Saturday, July 10, 2010
“Satan gets into people and makes them do things they don’t want to.”
The mind of the paranoid schizophrenic is an interesting place. Not only is this a place for disturbing images to inhabit, but imaginary voices become the main and center motivator the sufferer of schizophrenia can understand. Whether the voices are merely commentary for what a person should eat or drink, sometimes they are overwhelming and demanding voices that control a person’s actions and functions in life. A common theme for paranoid schizophrenics is the psychotic episode, sometimes brought on by great stress or terrifically difficult emotions. When the psychotic episodes occur, the person becomes suddenly unhinged, lost in a world that does not exist.
Schizophrenia, typically revealing itself in the late teens to early twenties of young men, usually frightens the friends and family of the sufferer, leaving them questioning the true sanity of their loved one. An incredibly difficult disorder to understand and treat properly, schizophrenics sometimes become street loiterers, bums, or paranoid agoraphobics. Those afflicted are afraid of an invented person or event that might crumble their very existence. For Herbert Mullin, his psychotic episode was triggered at age 17, when his best friend and possible lover, Dean Richardson passed away.
Born into a strict Roman Catholic family, Herbert Mullin began life on April 18, 1947 in Fenton, California. Herbert was a good child, excelling in school quickly and was voted “most likely to succeed” by his high school chums. He was athletic, fit, and very handsome, always helpful and polite to others. His only strange distinction was his oddly close relationship with his best friend Dean Richardson. Just out of high school, at 17, Herbert became engaged to his longtime girlfriend, intending to begin a life with children and a little household.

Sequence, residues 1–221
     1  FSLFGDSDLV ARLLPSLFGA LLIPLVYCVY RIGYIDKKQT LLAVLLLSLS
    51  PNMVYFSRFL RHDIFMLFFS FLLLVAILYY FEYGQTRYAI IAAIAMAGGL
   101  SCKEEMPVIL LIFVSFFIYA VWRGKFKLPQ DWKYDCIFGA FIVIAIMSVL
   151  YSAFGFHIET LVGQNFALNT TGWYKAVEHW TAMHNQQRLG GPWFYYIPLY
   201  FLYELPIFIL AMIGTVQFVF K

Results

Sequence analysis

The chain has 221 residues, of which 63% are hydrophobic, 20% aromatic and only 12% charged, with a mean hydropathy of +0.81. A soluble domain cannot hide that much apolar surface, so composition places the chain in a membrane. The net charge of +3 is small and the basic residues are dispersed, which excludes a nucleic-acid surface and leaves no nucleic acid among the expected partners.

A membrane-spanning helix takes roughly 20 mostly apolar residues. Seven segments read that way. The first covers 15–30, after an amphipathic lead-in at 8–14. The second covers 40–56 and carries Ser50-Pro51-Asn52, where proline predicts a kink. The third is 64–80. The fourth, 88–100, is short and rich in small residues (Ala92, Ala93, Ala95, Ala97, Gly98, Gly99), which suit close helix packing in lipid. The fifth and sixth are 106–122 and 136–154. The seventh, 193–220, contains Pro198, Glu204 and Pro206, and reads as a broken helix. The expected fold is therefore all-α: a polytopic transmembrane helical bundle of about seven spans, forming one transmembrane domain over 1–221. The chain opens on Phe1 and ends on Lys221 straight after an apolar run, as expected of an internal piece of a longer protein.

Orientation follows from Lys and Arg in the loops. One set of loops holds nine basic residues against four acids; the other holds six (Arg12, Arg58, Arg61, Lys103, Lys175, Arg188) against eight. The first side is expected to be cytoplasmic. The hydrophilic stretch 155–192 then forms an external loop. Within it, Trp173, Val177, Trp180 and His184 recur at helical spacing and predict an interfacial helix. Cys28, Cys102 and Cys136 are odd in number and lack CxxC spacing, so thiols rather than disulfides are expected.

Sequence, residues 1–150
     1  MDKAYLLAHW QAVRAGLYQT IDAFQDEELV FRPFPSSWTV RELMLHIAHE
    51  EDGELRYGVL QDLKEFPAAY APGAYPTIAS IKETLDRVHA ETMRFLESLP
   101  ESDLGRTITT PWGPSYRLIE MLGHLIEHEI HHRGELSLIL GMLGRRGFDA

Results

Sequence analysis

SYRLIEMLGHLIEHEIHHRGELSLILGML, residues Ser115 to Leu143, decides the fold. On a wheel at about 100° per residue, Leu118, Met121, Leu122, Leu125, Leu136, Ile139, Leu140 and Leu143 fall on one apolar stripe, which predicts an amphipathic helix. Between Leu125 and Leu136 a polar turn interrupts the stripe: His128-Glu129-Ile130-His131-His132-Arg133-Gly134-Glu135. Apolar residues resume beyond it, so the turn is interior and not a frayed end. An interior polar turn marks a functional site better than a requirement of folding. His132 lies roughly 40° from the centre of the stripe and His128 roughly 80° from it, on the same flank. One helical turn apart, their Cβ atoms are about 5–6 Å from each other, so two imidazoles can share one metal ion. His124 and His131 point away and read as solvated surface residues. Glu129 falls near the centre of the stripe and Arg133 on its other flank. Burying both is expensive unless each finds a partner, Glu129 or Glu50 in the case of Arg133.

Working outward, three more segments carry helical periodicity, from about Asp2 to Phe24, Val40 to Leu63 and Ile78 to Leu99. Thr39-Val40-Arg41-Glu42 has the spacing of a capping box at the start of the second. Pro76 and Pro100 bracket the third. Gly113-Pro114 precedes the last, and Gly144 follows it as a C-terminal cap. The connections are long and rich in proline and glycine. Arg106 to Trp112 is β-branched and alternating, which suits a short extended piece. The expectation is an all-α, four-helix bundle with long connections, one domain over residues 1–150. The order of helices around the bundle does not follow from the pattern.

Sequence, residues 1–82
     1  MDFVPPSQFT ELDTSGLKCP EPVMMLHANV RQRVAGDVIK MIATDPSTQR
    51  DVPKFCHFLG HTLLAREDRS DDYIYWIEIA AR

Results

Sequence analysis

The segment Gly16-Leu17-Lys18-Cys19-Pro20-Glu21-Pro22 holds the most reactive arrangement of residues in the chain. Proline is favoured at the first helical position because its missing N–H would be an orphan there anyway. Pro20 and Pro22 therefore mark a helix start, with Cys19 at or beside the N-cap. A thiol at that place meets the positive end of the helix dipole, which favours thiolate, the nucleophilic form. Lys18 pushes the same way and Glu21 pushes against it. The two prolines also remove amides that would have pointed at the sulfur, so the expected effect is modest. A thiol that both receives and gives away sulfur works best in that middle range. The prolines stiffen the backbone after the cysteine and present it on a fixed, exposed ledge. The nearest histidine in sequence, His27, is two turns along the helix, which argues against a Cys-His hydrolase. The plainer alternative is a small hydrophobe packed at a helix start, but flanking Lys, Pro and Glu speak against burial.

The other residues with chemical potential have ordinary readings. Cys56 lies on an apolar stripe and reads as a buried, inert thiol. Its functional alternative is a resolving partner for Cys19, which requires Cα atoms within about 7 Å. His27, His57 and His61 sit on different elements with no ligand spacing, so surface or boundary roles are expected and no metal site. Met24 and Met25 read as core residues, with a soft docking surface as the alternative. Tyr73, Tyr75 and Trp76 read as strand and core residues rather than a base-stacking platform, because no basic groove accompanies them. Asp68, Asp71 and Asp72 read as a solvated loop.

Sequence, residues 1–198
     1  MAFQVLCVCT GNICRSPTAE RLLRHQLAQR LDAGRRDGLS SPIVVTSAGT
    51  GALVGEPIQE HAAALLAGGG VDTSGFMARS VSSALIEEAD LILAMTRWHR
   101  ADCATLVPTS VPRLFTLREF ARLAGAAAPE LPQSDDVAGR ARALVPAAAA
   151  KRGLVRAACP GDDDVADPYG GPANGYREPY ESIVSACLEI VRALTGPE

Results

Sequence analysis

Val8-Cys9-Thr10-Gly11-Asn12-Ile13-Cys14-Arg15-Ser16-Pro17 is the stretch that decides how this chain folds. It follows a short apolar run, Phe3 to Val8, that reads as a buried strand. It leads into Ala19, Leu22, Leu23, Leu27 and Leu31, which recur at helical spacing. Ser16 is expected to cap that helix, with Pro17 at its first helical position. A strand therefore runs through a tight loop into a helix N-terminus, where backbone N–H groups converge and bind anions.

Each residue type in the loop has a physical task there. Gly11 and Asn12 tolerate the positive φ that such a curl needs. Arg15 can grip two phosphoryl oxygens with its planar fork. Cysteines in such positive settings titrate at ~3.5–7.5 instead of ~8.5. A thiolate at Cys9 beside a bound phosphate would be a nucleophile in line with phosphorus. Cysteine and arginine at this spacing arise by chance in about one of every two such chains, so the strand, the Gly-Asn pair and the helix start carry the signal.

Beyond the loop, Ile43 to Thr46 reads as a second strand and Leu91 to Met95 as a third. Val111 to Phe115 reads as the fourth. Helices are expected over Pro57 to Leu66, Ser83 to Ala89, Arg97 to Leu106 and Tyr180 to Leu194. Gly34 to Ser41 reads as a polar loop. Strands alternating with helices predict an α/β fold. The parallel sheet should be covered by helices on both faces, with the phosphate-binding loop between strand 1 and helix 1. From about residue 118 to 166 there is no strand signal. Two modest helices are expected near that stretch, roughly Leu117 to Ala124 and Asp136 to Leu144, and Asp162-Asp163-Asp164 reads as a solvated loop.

At 18, Herbert’s life suddenly crumbled when Dean was killed in a car accident. Devoted deeply to Dean, Herbert mourned the loss of his friend in bizarre ways. Lovingly setting up a shrine for Dean in his bedroom complete with photographs and trinkets and old toys, Herbert could not seem to get past his grieving for Dean. He broke up with his girlfriend, announcing that he was a homosexual. Dean’s memorabilia was never removed from Herbert’s bedroom from then on.
Around this time, Herbert’s family began to discover strange behavior in Herbert. Though it is unknown if there was a history of mental illness in the family, Herbert began having fits of echopraxia, a well known symptom of schizophrenia. His manner became erratic as well. Herbert preferred to be alone as often as possible, talked to himself, believed others were plotting against him and continuously thought he was being followed by someone that wanted to harm him. To calm himself, Herbert turned to hallucinogenic drugs, thinking they might oppose the gradual confusion that was blocking his thought processes. The drugs only worsened his thought patterns, the limb he was desperately clinging to beginning to slip quickly from his grasp.
After seeking out a doctor, Herbert disclosed his symptoms, believing he might be going mad. The doctor diagnosed Herbert with severe paranoid schizophrenia, and he was placed in a mental hospital for a year. When treatment proved to be working, Herbert started to feel better and well enough to leave the hospital. Like many sufferers of diseases, especially ones that affect the mind, Herbert must have stopped treatment soon after he left the hospital, for the voices in his head began to haunt his psyche again. This time, it wasn’t just the usual voices telling him to do unpleasant things, it was Satan himself, urging Herbert to kill.